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Reaching beyond regional – savvy management strategies

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Competition for business is growing increasingly fierce as major metropolitan businesses extend their reach into regional Australia. Savvy management strategies will ensure you not only hold your business’ ground, but up its stake hold. These strategies can help take your business from good to great, and ensure your business stays in the spotlight.

So, what’s the key to good management?

American business great Mary Kay Ash says people are definitely a company’s greatest asset.

“It doesn't make any difference whether the product is cars or cosmetics,” says Kay. “A company is only as good as the people it keeps.”

How can the people in your business help you win business? To find out, let’s turn to the world of finance.

Taking on the players from the Big Smoke

David may have defeated Goliath, but can smaller non-bank lenders take on the Big Four? To have a fighting chance, marketing and advertising gurus will say smaller lenders need a point of difference to take on the bigger players, to be a purple cow in a field of ordinary jerseys. But there’s a big difference from the farmyard to the world of finance, especially in the current economic climate. This is where smart management strategies come into play.

So, what does a humble building society have that the Big Four don’t? Don Magin, CEO of Greater Building Society, says it’s simple – Jerry Seinfeld.

Local talent – how to leverage yours

The Greater is already a well-established brand, primarily operating in regional New South Wales and south-east Queensland. It was named by Business Review Weekly as one of the top 500 private companies; it takes care of around $4 billion in assets, and has the largest branch network of any building society in Australia. They have also boasted a 97 per cent customer satisfaction level for the last five years.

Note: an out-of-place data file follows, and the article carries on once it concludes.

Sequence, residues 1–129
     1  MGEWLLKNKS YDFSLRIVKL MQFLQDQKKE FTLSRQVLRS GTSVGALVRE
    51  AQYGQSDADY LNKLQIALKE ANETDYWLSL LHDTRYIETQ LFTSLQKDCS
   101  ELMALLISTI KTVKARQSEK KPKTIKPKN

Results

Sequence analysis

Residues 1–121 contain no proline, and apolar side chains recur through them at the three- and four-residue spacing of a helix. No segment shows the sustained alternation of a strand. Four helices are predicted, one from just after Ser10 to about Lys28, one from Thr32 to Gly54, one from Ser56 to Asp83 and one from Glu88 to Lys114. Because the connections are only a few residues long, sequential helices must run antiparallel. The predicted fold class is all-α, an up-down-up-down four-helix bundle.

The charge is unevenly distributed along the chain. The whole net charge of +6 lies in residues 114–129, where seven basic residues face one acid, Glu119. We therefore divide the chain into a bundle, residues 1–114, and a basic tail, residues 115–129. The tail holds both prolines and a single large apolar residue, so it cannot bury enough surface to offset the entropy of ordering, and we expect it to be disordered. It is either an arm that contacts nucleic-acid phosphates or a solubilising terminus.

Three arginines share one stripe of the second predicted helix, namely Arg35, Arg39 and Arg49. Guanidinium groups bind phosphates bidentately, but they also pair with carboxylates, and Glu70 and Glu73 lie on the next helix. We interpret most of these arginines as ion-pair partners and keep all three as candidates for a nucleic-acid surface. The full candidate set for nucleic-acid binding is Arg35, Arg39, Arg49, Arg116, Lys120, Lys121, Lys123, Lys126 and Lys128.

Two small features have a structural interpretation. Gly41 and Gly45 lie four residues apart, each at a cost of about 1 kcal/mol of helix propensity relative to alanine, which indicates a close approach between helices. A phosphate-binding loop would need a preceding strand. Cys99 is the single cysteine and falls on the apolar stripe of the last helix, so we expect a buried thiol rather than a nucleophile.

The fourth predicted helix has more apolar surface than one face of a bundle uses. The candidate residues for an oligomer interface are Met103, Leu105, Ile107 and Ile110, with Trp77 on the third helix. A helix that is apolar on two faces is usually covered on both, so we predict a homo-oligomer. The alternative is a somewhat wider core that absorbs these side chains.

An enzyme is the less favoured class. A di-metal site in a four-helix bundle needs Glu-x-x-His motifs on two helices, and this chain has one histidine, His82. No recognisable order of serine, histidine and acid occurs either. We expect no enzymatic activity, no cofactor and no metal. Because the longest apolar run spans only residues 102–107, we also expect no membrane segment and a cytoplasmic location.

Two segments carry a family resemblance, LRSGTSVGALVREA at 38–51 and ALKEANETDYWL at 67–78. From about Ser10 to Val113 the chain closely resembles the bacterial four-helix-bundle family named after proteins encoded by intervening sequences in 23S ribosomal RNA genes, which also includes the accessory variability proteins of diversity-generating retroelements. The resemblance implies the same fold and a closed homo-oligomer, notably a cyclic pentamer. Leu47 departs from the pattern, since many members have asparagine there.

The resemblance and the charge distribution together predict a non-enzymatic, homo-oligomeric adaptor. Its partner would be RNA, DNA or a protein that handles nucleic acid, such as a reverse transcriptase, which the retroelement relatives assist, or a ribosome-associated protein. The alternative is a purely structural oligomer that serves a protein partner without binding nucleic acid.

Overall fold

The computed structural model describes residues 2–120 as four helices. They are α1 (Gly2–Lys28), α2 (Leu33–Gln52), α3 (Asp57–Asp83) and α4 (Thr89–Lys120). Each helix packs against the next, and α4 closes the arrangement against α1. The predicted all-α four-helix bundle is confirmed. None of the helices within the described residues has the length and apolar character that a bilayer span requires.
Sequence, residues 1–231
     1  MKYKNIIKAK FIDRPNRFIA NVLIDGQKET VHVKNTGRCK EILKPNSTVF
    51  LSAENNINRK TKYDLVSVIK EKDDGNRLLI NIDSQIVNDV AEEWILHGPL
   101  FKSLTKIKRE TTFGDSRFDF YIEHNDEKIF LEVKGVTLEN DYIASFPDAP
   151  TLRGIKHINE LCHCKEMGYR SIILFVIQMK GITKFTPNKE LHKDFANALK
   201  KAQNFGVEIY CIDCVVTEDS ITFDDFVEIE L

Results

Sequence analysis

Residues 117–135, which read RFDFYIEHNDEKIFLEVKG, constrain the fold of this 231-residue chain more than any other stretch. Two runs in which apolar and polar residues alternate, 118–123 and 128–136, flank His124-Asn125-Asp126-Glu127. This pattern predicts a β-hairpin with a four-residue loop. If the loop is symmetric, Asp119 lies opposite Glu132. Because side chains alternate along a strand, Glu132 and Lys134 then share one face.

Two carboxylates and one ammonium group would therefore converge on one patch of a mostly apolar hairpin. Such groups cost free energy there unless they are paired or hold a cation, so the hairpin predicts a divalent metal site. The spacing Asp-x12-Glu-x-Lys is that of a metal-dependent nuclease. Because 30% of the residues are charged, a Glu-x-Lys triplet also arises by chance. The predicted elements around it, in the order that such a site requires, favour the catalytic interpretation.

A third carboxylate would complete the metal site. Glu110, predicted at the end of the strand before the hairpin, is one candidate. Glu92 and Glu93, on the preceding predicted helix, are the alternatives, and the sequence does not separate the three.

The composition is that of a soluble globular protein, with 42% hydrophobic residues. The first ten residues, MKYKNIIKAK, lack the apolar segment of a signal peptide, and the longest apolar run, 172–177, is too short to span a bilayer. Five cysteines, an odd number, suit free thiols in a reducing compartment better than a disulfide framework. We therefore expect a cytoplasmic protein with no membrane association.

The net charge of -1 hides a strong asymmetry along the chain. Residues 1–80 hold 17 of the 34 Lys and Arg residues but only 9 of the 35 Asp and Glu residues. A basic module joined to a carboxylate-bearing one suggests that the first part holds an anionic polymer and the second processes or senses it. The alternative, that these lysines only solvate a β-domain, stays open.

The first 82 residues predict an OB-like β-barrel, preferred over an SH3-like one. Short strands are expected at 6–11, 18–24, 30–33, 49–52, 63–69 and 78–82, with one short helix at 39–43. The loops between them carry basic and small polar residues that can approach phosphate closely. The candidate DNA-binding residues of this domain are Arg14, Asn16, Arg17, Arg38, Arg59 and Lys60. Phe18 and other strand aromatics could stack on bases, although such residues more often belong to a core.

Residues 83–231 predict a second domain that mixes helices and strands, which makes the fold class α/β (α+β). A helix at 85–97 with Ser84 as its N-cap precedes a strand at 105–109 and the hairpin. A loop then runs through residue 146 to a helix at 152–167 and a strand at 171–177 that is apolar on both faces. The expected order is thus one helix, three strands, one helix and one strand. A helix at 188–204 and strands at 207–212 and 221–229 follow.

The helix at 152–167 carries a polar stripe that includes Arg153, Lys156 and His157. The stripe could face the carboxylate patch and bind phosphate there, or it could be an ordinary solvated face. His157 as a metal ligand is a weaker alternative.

Despite this, Magin was facing the threat of the encroaching players from the Big Smoke – and in a stroke of good business, the Seinfeld campaign became part of building their brand in the public eye.

“This was something that was part of a bigger, overall strategy for the Society,” says Magin. “We looked at how we could raise our brand profile … we think we’re a real alternative to the major banks. We see ourselves as a little terrier nipping at their heels. All of our advertising in the past has had an element of humour in it, been able to poke a little bit of fun at the banks. So we’ve tried to find someone that would deliver that same message across to that audience.”

While it might read like something from the script of Seinfeld’s eponymous sitcom – US star backs regional building society – the idea didn’t come from an advertising executive in an agency. It came from a Greater executive – John Dwyer.

“It was his idea to do something that was going to make us stand out and really be someone that people would sit up and take a little bit of notice of,” explains Magin.

Location, location, location

The decision to use Seinfeld was based on research into what appealed to their customer base. Funnily enough, neither Dwyer nor Magin counted themselves among the funny man’s fans… until now.

The ad, in which Seinfeld constructs an ad-hoc set in front of a regional branch before delivering his stand-up material (enough, says Magin, for 30 more commercials), has done exceptionally well for the Greater – even before it was launched.

“We were quite blown away by the amount of media coverage we got before the campaign even started,” says Magin. “It’s quite possible we even got enough media coverage to pay for the campaign before we put it to air.” 

This, for any business in regional Australia, is a big plus.

Three smart management strategies for regional business

  1. People are your business’ greatest asset – manage them well and leverage your in-house resources to your best advantage.
  2. Aim high – you never know what you can achieve (or who you can achieve it with!) until you try.
  3. Invest in promotional strategies that will pay for themselves.

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Published on: Monday, January 10, 2011

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